Table of contents:
What is alcohol awareness month?
Alcohol Awareness Month is a health awareness campaign that was formerly sponsored by the National Council for Alcoholism and Drug Dependence (NCADD). It took place every April and was established in 1987 with the aim of raising awareness for communities and to help understand the causes and treatment available for one of the nation's biggest health issues. The campaign also aimed to reduce the social stigma associated with alcoholism and to educate people on how the disease can be addressed; offering help and advice for families as well as direct engagement with those afflicted with alcohol addiction.
Get help during Covid-19
At Recovered, we recognize the impact COVID-19 has had and the continued challenges it poses to getting advice and treatment for substance use disorders. SAMHSA has a wealth of information and resources to assist providers, individuals, communities, and states during this difficult time and is ready to help in any way possible.Speak to SAMSHA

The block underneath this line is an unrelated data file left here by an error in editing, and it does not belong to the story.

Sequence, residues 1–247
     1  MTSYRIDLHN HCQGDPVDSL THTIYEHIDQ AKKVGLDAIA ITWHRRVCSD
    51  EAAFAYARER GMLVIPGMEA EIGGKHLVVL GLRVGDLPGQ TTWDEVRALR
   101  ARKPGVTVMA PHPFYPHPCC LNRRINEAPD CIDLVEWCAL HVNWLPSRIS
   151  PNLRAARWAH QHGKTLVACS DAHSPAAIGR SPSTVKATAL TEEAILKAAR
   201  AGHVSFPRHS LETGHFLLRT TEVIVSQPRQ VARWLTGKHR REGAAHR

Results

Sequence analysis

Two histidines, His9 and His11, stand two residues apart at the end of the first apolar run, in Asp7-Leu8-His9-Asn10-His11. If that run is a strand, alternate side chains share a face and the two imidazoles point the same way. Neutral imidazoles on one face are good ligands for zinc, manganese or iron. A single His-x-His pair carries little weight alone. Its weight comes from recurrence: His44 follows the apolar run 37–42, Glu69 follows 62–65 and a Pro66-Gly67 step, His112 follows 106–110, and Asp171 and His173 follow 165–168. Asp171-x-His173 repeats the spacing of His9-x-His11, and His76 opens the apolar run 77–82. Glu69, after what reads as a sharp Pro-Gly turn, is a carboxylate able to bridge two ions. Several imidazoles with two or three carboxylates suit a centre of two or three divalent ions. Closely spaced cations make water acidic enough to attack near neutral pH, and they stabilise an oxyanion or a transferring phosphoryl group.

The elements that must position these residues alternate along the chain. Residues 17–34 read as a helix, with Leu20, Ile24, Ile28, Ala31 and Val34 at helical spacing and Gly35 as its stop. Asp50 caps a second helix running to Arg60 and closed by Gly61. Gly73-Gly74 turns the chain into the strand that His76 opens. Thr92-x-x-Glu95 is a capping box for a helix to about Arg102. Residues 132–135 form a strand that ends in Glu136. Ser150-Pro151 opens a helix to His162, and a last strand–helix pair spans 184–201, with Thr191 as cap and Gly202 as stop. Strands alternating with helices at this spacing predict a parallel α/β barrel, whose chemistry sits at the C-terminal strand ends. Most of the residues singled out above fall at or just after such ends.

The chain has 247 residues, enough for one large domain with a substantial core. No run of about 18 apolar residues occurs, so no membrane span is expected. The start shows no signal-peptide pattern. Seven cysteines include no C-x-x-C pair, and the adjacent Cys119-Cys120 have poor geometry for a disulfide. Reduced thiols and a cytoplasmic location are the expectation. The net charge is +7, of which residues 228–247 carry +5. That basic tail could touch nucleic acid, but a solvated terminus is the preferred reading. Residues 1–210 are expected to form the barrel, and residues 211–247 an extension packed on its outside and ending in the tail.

Why is alcohol awareness month important?
Alcohol addiction and abuse is not only a considerable burden on government spending, it also claims thousands of lives across the country each year. Some notable statistics on alcohol addiction include :
More than 65 million Americans report binge drinking or heavy drinking in a one-month period, which is more than 40% of those who drink alcohol
In 2018, there were 10,511 alcohol-impaired driving fatalities, totaling 29% of all traffic fatalities for the year
Teen alcohol use kills 4,700 people each year, more than all illegal drugs combined.
By making people more aware of the situation and the viable solutions, alcohol awareness month aimed to reduce the pain and suffering alcohol abuse causes to people's lives.
Who participates in alcohol awareness month?
Anyone who is interested in raising awareness about the risks of alcohol abuse were invited to take part. Organizations such as schools, healthcare facilities, general practitioners, community coalitions, faith-based organizations, law enforcement, and substance abuse treatment organizations were encouraged to create initiatives that would help educate communities about alcohol addiction and invite them to take part in campaigns and activities that would be inclusive to all.